In 1873, the US passed The Comstock Act, a dicky little law that made it illegal for contraceptives, tools to be used in abortions, sex toys, erotica and even sexually charged letters (!) to be sent in the post.
In stricter states it was illegal for a person to possess these items (let alone post them!) and you could be damn sure that if you were caught you were facing a hefty fine or jail time.
This was the repressed world Margaret Sanger was born into.
Born in 1879 Margaret was one of 11; part of a huge Irish Catholic family that lived in poverty on the edge of New York.
Her Dad, Michael, was a drinker but also a radical free thinker, he’d dreamed of being a doctor (though poverty had made that impossible!) instead becoming a stone mason; but he still urged his children to become more, to better themselves and the world around them.
And Margaret’s Mum? Well her job was making babies! And in 11 kids in, she was clearly good at it.
But you can’t have almost a dozen kids (and 7 miscarriages) without your health being affected; after one pregnancy to many, she died in her 40s
At just 19, Margaret had lost her mum. Devastated, she immediately blamed her Dad (a very teenager in grief move) Margaret was angry, surely if her Dad hadn’t knocked up his wife so much, if she’d had some control in how many kids she’d had, then she wouldn’t have died so young.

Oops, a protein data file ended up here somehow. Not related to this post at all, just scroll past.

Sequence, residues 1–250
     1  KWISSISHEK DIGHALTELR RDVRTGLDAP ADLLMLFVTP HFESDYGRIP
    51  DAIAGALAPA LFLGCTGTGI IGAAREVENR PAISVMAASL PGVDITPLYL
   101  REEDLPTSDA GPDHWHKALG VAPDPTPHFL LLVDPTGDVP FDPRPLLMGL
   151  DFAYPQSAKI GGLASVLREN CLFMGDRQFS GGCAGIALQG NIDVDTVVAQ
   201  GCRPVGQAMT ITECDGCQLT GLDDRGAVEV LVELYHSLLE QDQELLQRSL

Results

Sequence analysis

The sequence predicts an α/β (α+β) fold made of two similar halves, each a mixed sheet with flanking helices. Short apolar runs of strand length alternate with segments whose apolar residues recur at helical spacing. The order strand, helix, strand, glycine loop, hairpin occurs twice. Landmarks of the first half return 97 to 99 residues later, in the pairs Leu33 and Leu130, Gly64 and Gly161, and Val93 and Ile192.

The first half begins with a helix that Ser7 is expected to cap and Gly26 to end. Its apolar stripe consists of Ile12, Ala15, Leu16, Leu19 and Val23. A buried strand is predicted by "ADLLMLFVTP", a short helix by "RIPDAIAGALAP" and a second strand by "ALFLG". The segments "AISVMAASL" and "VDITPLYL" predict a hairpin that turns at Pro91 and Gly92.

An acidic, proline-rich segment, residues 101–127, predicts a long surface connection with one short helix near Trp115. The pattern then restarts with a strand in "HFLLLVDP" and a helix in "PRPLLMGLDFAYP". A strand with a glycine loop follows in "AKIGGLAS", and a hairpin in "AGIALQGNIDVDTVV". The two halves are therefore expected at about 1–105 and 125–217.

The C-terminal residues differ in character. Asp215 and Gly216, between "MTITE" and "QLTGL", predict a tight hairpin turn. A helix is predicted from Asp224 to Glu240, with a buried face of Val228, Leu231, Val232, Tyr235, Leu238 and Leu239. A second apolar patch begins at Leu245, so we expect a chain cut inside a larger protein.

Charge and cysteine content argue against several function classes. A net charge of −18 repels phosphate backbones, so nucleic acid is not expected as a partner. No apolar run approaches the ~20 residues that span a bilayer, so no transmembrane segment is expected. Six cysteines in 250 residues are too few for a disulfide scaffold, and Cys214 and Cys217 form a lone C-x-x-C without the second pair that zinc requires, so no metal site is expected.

Something had to change and with nobody also doing anything, Margaret had to do it herself (again, a very teenager move!) so she became a nurse.
Margaret soon found out that working as a nurse in New York’s lower east side was, pretty damn bleak. The work was tough, the hours long and every day she had to face the strangle hold that The Comstock Act had over women’s life’s.
Without access to contraceptives, more women were falling pregnant and, just like Margarets mum, more women were dying in birth.
There was no way safe alternative as The Comstock Act also barred postage of abortion tools. Desperate, women were turning to heinously dodgy back alley abortions, even self-abortions…both methods almost always ended disastrously.
Every other day, Margaret had to watch another woman’s future being wiped out as she died in her arms.
First her Mum, now this… Margaret was angry and she sure as hell wasn’t going to let this shit continue, saying:
‘No woman can call herself free until she can choose consciously whether she will or will not be a mother’
So Margaret buckled and worked to change things. She started writing a sex column and in 1914 set up (the amazingly named) magazine, ‘The Woman Rebel‘, dedicated to showing women who to take back control of their bodies.
…Unsurprisingly The Woman Rebel immediately broke The Comstock Act and Margaret had to flee to Britain to avoid being thrown in jail.
But despite is constant dicketry, The Comstock Act couldn’t keep a good woman down!
Whilst in Britain, Margaret researched contraceptives, got involved in women’s rights and came back to America way better connected and with big ideas on spreading contraceptives throughout the good ol’ US of A.